HOW PREDICTABLE THAT it has taken me such a long time to begin. How brutally predictable. Months after formulating a title, I reluctantly shared it with some fellow travellers by Wangi Falls, in the Northern Territory, when they wondered what name I had for my work. Even then, sitting in the tropical shade after swimming in those sacred falls, I knew I was in trouble. What a lovely title, they said. I agreed then as I agree now. It sounds lovely still when I say it aloud: The Beginning of the Poem. Everybody loves beginnings. And even if everybody doesn’t love poems, people generally seem to love the idea of them, an idea practically and theoretically intact at the poem’s beginning. What a grand and ambitious intention my title seems to express, what discursive evocations it seems to promise. And yet, on that day at Wangi Falls, I had known for months already that it was painful and often impossible to get started on this beginning. How could my work live up to its title? Although disappointing to me, it is perhaps fittingly bathetic that I should struggle to summon the will, and the skill, required to begin a work that is all about beginning.
My intention before writing these paragraphs was that I should by all means avoid such clunking meta-criticism; that in my entry to the text I might even attempt to follow the suave and clarifying tones of Edward Said, whose early work is a major inspiration. But my beginning, if there was ever to be one, would never be such a class act as Said’s Beginnings: Intention and Method. This beginning would and will be messy; already it is a little messy. It is work that simply cannot get started without bringing in what, according to the rules of pertinence, ought to remain outside: my unusual circumstances and discipline for writing such a document (why was I camping in the Northern Territory when I was on a career-repairing fellowship to write this manuscript?); my difficulty in finding any kind of starting point except for this self-conscious flapping; my status anxiety, or rather my discomfort that writing can reveal authorial uncertainty consistent with a lack of literary pedigree; and my near-choking, which reveals a heightened respect for beginnings. As I have found, excessive reverence for the fact that so much rides on how things begin is predictably silencing.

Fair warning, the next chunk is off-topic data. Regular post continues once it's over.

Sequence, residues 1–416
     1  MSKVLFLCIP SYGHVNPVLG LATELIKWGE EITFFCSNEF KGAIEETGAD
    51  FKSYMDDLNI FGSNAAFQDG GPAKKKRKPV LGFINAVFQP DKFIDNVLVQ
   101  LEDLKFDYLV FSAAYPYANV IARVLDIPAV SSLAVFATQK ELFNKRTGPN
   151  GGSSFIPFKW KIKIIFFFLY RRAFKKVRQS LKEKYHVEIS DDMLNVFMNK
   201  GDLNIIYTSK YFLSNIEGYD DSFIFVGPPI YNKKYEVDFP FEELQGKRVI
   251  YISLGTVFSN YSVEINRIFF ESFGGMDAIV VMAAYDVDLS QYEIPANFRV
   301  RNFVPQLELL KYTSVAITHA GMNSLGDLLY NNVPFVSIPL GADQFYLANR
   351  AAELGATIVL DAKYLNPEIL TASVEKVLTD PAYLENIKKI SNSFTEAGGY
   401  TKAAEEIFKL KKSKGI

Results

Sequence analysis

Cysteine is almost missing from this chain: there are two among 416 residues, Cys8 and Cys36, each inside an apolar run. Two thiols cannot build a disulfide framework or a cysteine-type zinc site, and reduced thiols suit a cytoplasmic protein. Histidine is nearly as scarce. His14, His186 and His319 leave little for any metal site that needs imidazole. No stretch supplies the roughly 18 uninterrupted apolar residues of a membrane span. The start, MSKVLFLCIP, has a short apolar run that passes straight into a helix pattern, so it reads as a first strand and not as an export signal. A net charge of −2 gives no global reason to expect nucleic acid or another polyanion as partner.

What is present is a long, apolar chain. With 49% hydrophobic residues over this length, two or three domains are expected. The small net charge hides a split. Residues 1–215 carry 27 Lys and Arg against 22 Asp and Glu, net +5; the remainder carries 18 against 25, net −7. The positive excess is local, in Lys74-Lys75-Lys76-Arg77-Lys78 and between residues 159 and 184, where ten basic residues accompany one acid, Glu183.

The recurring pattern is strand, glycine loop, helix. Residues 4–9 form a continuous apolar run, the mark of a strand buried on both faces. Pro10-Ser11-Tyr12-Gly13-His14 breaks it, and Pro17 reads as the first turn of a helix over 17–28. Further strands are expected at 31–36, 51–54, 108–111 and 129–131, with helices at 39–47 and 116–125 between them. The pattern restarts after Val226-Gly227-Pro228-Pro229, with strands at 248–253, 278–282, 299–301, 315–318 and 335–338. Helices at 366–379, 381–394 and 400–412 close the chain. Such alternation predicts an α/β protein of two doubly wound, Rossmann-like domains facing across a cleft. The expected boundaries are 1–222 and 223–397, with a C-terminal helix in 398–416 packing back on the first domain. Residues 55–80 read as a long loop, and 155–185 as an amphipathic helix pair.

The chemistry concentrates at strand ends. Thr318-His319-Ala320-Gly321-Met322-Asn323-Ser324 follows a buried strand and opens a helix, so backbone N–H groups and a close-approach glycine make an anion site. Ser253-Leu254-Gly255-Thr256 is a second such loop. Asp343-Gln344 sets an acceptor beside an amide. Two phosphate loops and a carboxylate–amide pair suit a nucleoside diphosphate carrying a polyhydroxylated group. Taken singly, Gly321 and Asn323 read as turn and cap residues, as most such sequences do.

Already a subscriber? Sign in here
If you are an educator or student wishing to access content for study purposes please contact us at email@example.com